Side-stepping group dynamics: The 90-minute Mini-Sprint

How we generated 432 ideas in 3 hours and picked 5 winners without arguing.

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Luke BattyeFollowNov 17, 2017

So we recently ran a hack day where we wanted to reconnect everyone with the purpose in our business: uniting knowledge.

As not every member of the team had experienced our Design Sprint process first hand, we decided to design a taster experience and play around with a new format. I thought it would be fun to pull together 10 client briefs and run 10 ninety minute mini-sprints over the course of one day.

The process was designed to give people first-hand experience of a selection of our techniques and meant we needed a format that fully side-stepped all the usual psychological hurdles that slow teams down.

Over the course of the day we generated 432 different responses to those briefs and whittled them down to 5 winners. Here’s how we did it.

1. Setting the scene

So first things first, even mini-sprints need materials. We kitted out every team with timers, masking tape, a variety of post-its and a kaleidoscope of colourful pens to let their minds run wild.

We took a selection of briefs and turned them into simple “How might we…” formats. For example “How might we get Brand X’s toy on kids Christmas list this year?”.

2. Define the customer outcome (5 minutes)

We broke the group into teams of 5 and each one had their own name and special hat (not essential but quite amusing).

Each team of 5 was handed the brief and had 5 minutes to discuss, as a team, what they might need to achieve for the clients’s customer, for the client to be successful.

Teams had 5 minutes to review their ‘how might we’ brief and find a way to convert it into a customer outcome. If client wanted to drive sales, a customer outcome might “How might we make it easier to find product X”.

3. Solo research (10 minutes)

Teams then had 10 minutes to do solo research. No talking, no discussion, no questions. Just 10 minutes looking at the challenge, doing some research on the key issues to address and making copious notes.

4. Crazy 8s (10 minutes)

Upbeat music essential — consider Benny Hill style beats or even the countdown music

We then jumped into Crazy8s. Each person had 8 minutes to individually come up with 8 different ways to answer the “how might we” question. Every minute we sounded an alarm and instructed everyone to abandon ship and move onto the next one.

5. Six-Part Storyboard (15 minutes)

Pre-prepared storyboards helped create quick structure

After the crazy8s we got people to choose their strongest idea and develop it up into a short 6-part storyboard. First frame was scene-setting, final frame was desired customer behaviour. Their job was to spend a little time filling in the blanks and looking for clear ways to explain their concept without the need for a voiceover.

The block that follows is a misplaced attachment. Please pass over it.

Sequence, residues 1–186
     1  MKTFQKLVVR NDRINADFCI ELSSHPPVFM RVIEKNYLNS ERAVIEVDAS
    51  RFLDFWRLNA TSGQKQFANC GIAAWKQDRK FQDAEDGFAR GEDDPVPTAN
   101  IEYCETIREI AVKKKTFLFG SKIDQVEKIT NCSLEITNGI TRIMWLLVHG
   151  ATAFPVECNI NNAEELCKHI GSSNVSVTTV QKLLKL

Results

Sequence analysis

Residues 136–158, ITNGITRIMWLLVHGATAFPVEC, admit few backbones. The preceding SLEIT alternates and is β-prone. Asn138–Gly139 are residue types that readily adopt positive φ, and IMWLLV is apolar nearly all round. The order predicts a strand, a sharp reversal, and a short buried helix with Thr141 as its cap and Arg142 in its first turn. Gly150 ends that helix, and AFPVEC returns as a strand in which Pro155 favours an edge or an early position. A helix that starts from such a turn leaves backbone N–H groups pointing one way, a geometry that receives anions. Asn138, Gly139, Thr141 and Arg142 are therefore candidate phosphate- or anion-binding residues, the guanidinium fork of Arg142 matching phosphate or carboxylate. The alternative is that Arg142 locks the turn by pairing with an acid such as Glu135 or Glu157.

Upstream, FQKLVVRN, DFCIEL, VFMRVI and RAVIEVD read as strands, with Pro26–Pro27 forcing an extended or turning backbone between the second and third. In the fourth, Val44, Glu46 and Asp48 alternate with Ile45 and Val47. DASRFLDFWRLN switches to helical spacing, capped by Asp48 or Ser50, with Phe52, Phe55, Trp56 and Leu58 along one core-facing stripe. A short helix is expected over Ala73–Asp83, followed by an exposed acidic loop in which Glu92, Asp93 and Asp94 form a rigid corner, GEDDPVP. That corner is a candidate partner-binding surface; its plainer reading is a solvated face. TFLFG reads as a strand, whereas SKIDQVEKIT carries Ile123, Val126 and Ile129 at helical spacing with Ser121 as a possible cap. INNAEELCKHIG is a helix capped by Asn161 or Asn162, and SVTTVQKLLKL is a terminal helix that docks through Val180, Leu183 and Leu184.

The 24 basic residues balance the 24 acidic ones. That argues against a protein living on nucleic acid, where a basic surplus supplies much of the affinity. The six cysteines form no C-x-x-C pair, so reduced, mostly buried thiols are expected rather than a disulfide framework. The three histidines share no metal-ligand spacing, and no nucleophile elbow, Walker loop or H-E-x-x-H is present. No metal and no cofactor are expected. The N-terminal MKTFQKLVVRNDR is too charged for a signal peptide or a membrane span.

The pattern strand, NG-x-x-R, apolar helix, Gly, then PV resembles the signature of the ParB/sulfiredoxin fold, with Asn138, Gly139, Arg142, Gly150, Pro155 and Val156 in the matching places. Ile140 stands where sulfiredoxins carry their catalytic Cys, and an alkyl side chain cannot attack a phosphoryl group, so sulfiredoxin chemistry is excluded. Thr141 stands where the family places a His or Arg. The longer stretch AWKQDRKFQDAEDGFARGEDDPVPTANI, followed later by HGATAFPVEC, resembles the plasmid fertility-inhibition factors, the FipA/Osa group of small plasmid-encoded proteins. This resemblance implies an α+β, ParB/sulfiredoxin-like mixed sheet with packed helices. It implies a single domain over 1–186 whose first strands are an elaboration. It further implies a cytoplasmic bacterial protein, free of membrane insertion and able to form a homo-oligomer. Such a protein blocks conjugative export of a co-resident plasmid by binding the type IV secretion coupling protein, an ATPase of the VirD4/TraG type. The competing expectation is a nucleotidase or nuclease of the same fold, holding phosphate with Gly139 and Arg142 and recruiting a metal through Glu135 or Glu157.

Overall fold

6. Lightening Demos (15 minutes)

Get ruthless and cut people off if they run over — they’re called lightning demos for a reason!

Everyone was getting bored of not talking so now we brought teams back together to present their concept in 3 minutes. No extra time allowed.

Everyone was given 5 voting stickers and had to place them, without discussion, on the concepts or parts of concepts they felt were the strongest.

7. Remix & Improve (20 minutes)

Teams could choose to combine ideas or just take a winner and they then spent 20 minutes developing and refining a single proposition. This was the chance to build more depth into the concepts and help make the storytelling crystal clear.

8. Art Gallery (10 minutes)

Big boards and surfaces are perfect for the art gallery — just space them out enough

The winning ideas were then transferred to one of our workshop spaces into an art gallery format. No discussion now, people had 10 minutes to read the client’s “how might we” question and the proposed solutions.

9. Vote (5 minutes)

Make sure everyone has enough votes for team-building

The team now had 10 votes to cast and were instructed to decide which briefs they thought best delivered against the brief. Not discussion, and they were free to vote multiple times on the same idea if they wanted to.

10. And the winners are…

This is what a winner looks like

At the end of the 90 minutes we surface the best ideas and the winning teams were chosen to turn their storyboard into a 5 minute live-performance for the whole company’s amusement (not essential but again, very amusing).

What did we learn?

A 90 minute dash is a pretty fun way to start a brainstorm on a new brief. It’s fast, it generates diverse ideas and it quickly gets the ‘obvious’ responses on paper so you can move onto the deeper thinking faster.

Why it worked?

  • No over-the-top background on the brief that bogs teams down in detail when you need ‘blue sky’ (gag) thinking
  • No time-wasting with discussions — just powering through to new thinking
  • No debates about who’s idea is best, just data on what the team thinks without any hurt feelings

So yeah, get mini-sprinting 🙂


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